An Eden Prairie police detective's lie about a search warrant in a single drug case will result in 32 cases being dismissed and will let at least one convicted person out of prison, the Hennepin County Attorney's Office said Friday.
Chief Deputy Hennepin County Attorney David Brown identified the detective as Travis Serafin. Brown said the dismissals would come in cases where Serafin was a witness in prosecutions that had been charged but not completed as of Sept. 22, 2017, the date he allegedly lied on a drug warrant.
Brown said Hennepin prosecutors have asked the McLeod County Attorney's Office to review Serafin's conduct for possible criminal charges. He noted that the Eden Prairie department has disciplined Serafin.
Brown said in his 30 years as a prosecutor in the county, he's never seen anything like this, calling the situation "devastating."
"The fair trial of a defendant depends upon the truthful testimony of the witnesses. That did not happen here," Brown told reporters. "We feel like we've taken the steps necessary to right the wrongs and return integrity to the system."
The case that triggered the domino effect involved a drug search. Serafin got a warrant for a house as part of a drug investigation. While executing the warrant, officers found a large amount of heroin and some fentanyl in the home of Timothy Holmes, and a much smaller amount of drugs from a car, the Hennepin County Attorney's Office said in a statement.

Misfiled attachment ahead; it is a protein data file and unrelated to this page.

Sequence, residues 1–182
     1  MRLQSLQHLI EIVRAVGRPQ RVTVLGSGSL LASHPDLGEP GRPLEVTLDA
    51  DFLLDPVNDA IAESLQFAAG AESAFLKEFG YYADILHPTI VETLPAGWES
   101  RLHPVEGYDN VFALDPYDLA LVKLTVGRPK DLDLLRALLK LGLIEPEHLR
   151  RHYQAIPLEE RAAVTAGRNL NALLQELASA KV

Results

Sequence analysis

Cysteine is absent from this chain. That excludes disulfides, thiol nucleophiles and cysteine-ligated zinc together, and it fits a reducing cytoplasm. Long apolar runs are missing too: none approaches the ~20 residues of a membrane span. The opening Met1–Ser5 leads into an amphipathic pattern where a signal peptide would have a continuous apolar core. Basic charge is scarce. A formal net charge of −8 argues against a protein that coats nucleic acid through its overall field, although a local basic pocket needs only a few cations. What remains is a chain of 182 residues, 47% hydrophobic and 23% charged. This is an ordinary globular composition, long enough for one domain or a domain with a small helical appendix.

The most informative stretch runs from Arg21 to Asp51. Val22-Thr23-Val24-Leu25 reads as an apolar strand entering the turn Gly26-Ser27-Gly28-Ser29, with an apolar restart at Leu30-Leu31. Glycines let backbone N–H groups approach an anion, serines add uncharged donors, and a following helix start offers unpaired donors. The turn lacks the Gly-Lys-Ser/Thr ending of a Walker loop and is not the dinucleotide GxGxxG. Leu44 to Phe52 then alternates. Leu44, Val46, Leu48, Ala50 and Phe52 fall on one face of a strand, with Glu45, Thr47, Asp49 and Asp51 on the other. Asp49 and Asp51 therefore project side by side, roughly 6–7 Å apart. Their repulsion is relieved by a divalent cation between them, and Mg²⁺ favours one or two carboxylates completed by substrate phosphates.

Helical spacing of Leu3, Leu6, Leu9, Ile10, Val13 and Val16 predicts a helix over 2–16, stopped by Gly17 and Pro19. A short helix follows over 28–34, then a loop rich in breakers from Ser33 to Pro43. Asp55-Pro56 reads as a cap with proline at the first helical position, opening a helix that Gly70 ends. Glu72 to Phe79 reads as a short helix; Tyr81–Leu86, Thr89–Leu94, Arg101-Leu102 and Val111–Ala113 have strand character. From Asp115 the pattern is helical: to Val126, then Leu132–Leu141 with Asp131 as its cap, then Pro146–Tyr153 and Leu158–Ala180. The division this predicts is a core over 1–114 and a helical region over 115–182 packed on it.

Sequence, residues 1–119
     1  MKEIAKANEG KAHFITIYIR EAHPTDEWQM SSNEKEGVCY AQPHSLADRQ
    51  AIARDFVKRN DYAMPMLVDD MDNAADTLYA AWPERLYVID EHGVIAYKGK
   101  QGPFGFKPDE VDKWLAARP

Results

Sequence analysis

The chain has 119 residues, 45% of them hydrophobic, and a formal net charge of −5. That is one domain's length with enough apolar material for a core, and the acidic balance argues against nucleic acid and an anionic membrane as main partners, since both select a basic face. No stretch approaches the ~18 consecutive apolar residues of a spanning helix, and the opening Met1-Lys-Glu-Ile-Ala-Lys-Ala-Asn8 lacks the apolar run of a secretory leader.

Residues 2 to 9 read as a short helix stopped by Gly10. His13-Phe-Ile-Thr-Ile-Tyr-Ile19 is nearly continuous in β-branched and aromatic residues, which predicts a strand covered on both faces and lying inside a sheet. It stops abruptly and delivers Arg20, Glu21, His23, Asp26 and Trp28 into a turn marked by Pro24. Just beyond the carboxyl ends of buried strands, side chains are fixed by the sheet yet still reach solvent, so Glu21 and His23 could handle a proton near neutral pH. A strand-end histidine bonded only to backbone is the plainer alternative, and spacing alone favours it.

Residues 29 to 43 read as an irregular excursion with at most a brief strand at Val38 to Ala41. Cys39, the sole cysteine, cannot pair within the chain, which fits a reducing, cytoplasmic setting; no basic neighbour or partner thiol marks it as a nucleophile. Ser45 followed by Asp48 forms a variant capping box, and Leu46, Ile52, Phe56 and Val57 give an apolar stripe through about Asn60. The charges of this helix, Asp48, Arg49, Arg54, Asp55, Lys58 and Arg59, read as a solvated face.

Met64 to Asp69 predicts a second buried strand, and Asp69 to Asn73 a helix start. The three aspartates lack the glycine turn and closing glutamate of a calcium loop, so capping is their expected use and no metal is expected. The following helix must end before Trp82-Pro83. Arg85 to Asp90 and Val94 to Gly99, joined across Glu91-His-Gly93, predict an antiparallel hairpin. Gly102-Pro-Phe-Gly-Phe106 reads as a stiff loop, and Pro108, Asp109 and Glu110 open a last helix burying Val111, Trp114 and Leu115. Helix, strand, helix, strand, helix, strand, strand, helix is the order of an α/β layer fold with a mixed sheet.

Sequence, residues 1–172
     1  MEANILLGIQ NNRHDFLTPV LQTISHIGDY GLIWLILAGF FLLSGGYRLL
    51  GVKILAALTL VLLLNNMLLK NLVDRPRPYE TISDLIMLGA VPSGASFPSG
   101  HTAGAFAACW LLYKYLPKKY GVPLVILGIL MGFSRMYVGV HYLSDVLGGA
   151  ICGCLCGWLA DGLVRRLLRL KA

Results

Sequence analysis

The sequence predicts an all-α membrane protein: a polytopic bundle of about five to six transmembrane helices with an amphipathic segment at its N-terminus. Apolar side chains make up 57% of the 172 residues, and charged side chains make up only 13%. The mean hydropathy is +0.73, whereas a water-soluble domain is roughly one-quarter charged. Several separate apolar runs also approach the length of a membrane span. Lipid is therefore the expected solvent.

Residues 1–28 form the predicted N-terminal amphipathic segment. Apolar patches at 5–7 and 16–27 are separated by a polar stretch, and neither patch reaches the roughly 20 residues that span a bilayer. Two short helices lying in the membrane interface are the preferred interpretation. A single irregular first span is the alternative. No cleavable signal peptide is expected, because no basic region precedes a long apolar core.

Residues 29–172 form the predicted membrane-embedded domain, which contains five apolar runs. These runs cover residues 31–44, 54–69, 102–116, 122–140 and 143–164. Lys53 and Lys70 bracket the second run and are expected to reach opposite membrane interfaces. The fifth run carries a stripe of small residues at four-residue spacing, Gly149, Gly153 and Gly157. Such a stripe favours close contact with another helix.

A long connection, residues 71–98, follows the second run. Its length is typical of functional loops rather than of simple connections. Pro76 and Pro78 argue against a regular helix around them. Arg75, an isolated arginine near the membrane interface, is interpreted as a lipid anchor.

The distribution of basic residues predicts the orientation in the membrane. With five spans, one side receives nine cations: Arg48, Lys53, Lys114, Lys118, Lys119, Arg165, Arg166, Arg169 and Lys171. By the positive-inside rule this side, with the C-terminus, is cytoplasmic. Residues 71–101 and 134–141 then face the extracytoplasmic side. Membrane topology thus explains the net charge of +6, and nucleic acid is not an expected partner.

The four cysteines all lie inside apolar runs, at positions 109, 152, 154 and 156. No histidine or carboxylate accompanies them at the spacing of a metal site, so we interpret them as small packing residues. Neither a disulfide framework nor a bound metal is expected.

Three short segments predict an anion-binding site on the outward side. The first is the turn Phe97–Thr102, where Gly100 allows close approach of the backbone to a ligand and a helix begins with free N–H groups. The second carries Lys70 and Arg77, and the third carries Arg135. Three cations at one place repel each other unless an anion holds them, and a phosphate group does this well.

The warrant was valid for the house, but not the car. Later, when questions were raised about the search warrant for the car, Serafin allegedly created a doctored warrant for the car using a copy of the house warrant. When it was discovered, the Eden Prairie police chief disciplined Serafin and alerted the Hennepin County Attorney's Office, Brown said.
A subsequent review concluded the "search warrant and testimony were untruthful and not a mistake," the county attorney's office said.
"Detective Serafin's behavior here was wrong and inexcusable," Brown said. "It also is baffling to us because the legal search of the home provided more than enough evidence for our case, and if he had been honest, we would simply have agreed to have the drugs from the car be removed from consideration in those cases."
Brown's office said 32 cases have been dismissed or in the process of being dismissed because Serafin was a critical witness; there are another 11 cases where Serafin was a peripheral witness and the defense lawyers have been contacted.
Brown said his office would no longer trust Serafin as a witness in any future prosecutions.
Serafin was one of two Eden Prairie detectives honored early this year by the Tri-County Law Enforcement Association for his work investigating heroin overdose deaths.
On Friday, though, Eden Prairie Police Chief Greg Weber said "an administrative investigation is underway" because of the findings released Friday by the Hennepin County Attorney's Office.
Correction (Oct. 18, 2018): An earlier version of a photo cutline incorrectly identified David Brown.